This program improves outcomes and reduces costs for patients with complex medical conditions.
The Beacon Program at Children's Mercy Kansas City provides a primary care home for medically complex children and simplifies the process of managing care for their families. "Having a program that is comprehensive with everything we need in one place is something our families really appreciate," says Beacon Program Director Ingrid Larson, M.B.A., M.S.N., DNP, NEA-BC, APRN.
The Beacon Program is one of the participants in the CARE Award, a national hallmark study aimed at improving quality outcomes and reducing costs of care for children with complex medical conditions. In partnership with 10 of the nation's leading children's hospitals, the Children's Hospital Association received a three-year, $23 million Health Care Innovation Award from the Center for Medicare and Medicaid Innovation.
Of the roughly 3 million medically complex children nationwide, two-thirds are covered by Medicaid. These 2 million children represent nearly 40 percent of costs. They are clinically fragile and have intense medical and care coordination needs that are not always met by existing care delivery and payment models. To date, the CARE program encompasses more than 8,000 patients, as well as their caregivers and health care payers.
Larson, along with Chad Moore, J.D., M.H.A., Children’s Mercy's senior director of payer relations, shared their experiences.
A high-touch program
Communication around a patient's care occurs at all stages and levels and is a cornerstone to Beacon's success. The health care team at Children's Mercy has weekly team meetings to discuss current and incoming patients. The team conducts ad hoc interviews with parents and families and routinely surveys them following clinic visits regarding their care and clinic processes.
Families meet with their care team for a two-hour annual clinic appointment, to discuss all aspects of their child's care, and all parties sign a care agreement. The purpose: to ensure caregivers are carrying out the patient's health care plan effectively and to set clear expectations for clinicians and families.
Streamlining the coordination of care
A focus of the Beacon Program is to help families simplify the complicated care process for their children. Beacon achieves this by providing patients and families with enhanced access: 24/7 contact with clinicians, same-day ill appointment availability, options for telemedicine where available and in-person home visits.
Additionally, Beacon offers services designed to streamline the logistics of care coordination, including a centralized scheduling contact for all clinicians, consolidated appointments, and the opportunity to provide primary care for siblings at Beacon—a benefit that about half the families in the program use, Larson says.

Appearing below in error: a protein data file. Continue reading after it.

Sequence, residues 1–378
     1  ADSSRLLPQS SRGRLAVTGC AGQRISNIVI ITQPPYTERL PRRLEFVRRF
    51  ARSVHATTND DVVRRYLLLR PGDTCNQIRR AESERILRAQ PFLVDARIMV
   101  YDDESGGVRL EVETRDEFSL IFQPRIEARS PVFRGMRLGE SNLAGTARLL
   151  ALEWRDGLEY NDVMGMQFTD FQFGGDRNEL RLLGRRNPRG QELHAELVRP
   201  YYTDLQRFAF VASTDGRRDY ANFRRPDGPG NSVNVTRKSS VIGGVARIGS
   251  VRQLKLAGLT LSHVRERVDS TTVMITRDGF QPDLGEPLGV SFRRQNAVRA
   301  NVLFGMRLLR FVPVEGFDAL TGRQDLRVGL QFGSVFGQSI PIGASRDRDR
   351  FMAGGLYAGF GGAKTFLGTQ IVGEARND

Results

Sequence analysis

Larson shared how Beacon is tracking against the benchmarks measured in the CARE study, which is simultaneously transforming the care delivery and payment models for children with complex conditions. With experience gleaned from more than 1,000 of Children's Mercy's patients enrolled in CARE, including those in the Beacon Program, Larson offers some advice to other institutions looking to improve or begin their own complex care program:
- Identify your role. Make the decision early on to determine if your program will take on a primary care or a specialty care role.
- Set clear boundaries. This will help you manage incoming referrals. "When we started our program, we got flooded with the number of referrals," Larson says. "Now, our referral criteria is a little bit stricter, and we are just seeing the kids for whom we can make the biggest difference."
- Partner with administration. This is critical to ensure proper staffing.
- Build employee wellness into the program. This will help to prevent staff burnout, which Larson says is the number one issue all complex care programs face.
- Provide clear guidelines. Larson considers the establishment of precise written guidelines at Children's Mercy—from new employee orientation to processes to definition of roles—as "one of our success stories."
The CARE study findings, which will be available at year end and into 2018, will serve as an important resource for the Beacon Program as it continues to evolve the system of care for children and families.
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This publication was made possible by Award Number 1C1CMS331335-01-00 from the Department of Health and Human Services, Centers for Medicare & Medicaid Services. The contents of this publication are solely the responsibility of the authors and do not necessarily represent the official views of the U.S. Department of Health and Human Services or any of its agencies.